The last time Chapel Hill-Carrboro YMCA filled the executive directors chair, most televisions had square screens, Brittany Spears was still the Princess of Pop, and no one had heard of American Idol.
Over the past 11 years, Jerry Whortan certainly put his stamp on the YMCA and the community. With Whortans resignation in late May, however, the next man in the directors chair is reticent to announce any formal plans to impact the local branch at all no plans to repair, enhance, or rebuild the YMCA.
In fact, as interim director, career YMCA administrator Ralph Yohe humbly hopes only to pass the torch from Whortan to a new permanent CEO without letting the flame go out on a vibrant, thriving concern.
There are many great things about this Y, Yohe said. There are great programs, theres a staff thats passionate about their work, theres a smart, committed board of directors, and now its all about picking a new CEO to lead this YMCA in the future.
Appointed June 4, Yohe affirmed that Whortan left the YMCA in wonderful shape.
Ive done this before in a crisis situation, but this is not a crisis situation here, he said.
There are no major financial issues at all. Theres no debt here.
Yohe was chosen from a small pool of available administrators well-versed in YMCA operations who make themselves available to step in and manage on a temporary basis.
Were mostly retired and mostly its CEOs, Yohe said. Y-USA makes recommendations based on how a retired CEO might fit.
Its still up to the folks on the local board to decide who they want to bring in.
Chapel Hill YMCA Board of Directors chair Jennifer Trapani said the Y-USA has been tremendously helpful in finding an interim CEO.
With Ralphs help, Im confident the Y can move forward, focusing on its five-year strategic plan while we begin the search of our new CEO, Trapani said in a prepared statement. He knows what it means to be part of the Y and to focus on youth development, healthy living and social responsibility.
Yohe has served in a leadership role within the larger Y community for almost 40 years. Most recently, he was interim CEO for the Melrose YMCA in Melrose, Mass. Prior to that, Yohe was President and CEO of the South Shore YMCA in Quincy, Mass., for 23 years.
We built it (South Shore) over time, and we had 23,000 members at one facility there, Yohe said.
Yohe inherits a YMCA in Chapel Hill, albeit for a short span, that has grown and continually added progressive resources to its menu of services over the past decade.
Whortan, who resigned his position to pursue other career options locally, is commonly credited with doubling the number of community members served, expanding the service area, and adding new program and facilities, including those at Meadowmont and in Chatham County.
He coordinated the establishment of Boomerang a cooperative venture with local schools that provided in-house study for those suspended from local middle and high schools and a partnership with Darkness to Light, a nonprofit organization that works to prevent child sexual abuse.
This Y branch is a leader in Darkness to Light, Yohe stressed. Theyve trained more people than any other program except the YMCA in Delaware, and that organization is working with the whole state."
Yohe said that the work of Chapel Hill branch director Kim Grooms is fantastic, and its leading the country.
Weve still got a long way to go, though, because we want to train 5 percent of the adult population in the community," Yohe said. "That doesnt just make the local YMCA safer; it makes the entire community safer.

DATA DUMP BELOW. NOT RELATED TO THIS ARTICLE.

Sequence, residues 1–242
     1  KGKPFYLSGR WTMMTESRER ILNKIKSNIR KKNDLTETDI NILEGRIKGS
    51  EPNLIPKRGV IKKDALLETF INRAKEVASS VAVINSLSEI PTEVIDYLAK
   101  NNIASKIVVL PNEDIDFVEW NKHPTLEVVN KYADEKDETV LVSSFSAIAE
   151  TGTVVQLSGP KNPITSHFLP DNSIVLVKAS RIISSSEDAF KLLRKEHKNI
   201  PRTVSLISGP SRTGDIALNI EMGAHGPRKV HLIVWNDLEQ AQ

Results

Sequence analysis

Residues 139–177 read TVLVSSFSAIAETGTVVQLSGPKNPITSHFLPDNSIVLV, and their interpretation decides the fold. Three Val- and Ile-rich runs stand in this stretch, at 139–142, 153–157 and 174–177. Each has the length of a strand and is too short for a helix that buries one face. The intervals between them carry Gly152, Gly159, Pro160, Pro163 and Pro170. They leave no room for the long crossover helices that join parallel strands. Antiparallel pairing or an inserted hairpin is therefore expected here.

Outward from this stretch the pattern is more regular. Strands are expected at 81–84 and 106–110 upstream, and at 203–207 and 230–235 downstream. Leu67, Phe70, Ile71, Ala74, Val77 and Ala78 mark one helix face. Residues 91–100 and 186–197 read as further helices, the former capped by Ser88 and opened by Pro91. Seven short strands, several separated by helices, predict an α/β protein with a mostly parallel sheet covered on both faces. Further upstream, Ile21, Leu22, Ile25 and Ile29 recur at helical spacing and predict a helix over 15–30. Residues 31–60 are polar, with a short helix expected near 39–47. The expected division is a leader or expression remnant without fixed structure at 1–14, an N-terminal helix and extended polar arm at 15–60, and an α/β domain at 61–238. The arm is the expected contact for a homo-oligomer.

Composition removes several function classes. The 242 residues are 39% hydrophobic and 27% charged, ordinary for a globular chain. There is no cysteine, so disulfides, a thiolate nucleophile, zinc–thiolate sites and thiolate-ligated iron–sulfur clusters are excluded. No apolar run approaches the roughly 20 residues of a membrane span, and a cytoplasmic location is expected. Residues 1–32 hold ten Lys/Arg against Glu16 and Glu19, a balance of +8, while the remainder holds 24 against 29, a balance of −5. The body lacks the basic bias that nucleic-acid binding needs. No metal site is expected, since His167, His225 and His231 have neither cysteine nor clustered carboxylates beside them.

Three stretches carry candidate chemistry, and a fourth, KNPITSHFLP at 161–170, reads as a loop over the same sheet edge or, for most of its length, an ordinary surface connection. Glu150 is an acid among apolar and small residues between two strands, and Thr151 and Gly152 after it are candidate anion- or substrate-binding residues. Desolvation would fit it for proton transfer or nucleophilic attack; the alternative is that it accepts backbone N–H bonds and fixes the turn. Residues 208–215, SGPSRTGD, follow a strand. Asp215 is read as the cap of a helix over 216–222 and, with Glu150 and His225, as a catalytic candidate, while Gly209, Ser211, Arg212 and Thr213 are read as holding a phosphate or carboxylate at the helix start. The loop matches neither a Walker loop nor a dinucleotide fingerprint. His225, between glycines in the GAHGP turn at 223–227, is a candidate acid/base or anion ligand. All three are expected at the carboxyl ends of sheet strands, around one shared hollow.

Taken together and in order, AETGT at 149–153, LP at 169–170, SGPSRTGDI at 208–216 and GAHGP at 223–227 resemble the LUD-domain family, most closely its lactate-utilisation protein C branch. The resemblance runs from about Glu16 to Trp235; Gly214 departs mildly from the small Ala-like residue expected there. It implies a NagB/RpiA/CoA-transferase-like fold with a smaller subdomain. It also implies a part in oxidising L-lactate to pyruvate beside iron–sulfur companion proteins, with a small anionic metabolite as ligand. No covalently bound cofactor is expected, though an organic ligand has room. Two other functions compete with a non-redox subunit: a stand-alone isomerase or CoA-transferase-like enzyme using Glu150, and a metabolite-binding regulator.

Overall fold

Yohe said one of the challenges hell face will be to maintain morale and diminish uncertainty.
Any time theres a change, people get uneasy. Thats natural, he said. We want people to understand that it could very well be positive. The boards challenge is to get the right leader to move on and to convince the staff of that.
Yohe conceded that a new, permanent executive director will face both challenges and the potential for incredible growth.
Theres a strategic plan here thats not completely in place, but theres a great start, and to bring that plan to fruition you need resources, he said. The human resources are in place, but there are also dollars that have to be raised.
Yohe said the main Chapel Hill-Carrboro facility at 980 Martin Luther King Blvd. is no longer big enough to fully serve the community.
Were limited in the programs that we can run and the number of members we can have because of this current facility, he said. It needs an upgrade, if not an addition or facelift.
Yohe said that that same economy that challenges the Y also challenges families, however, making the YMCAs role all the more vital.
You could make the case that (because of the economy) the need is actually greater, because more and more families and kids need the YMCA, he said. We need more contributors than ever. To get large capital dollars is hard. It can be done, but it doesnt happen overnight. I believe this community will respond.
With his family firmly entrenched in the local community, Whortan has said that he would prefer to seek a move that uses his talents locally, tapping into his knowledge and experience in the Chapel Hill/Carrboro community.
As for Yohe, however, the Chapel Hill-Carrboro YMCA is one more way to serve the Y-USAs comprehensive mission, even if its by doing very little at all.
Oh, we may put a couple things in place, but Ive certainly not got any agenda, he said. You cant build a building in a short time, but you can build programs or put a few processes in place. But there will be a new CEO coming in here who will make their own changes.
My role is simple: Its an exciting time, and my job is to do the things that will help the (permanent) CEO hit the ground running.For more information, see www.chcymca.org.
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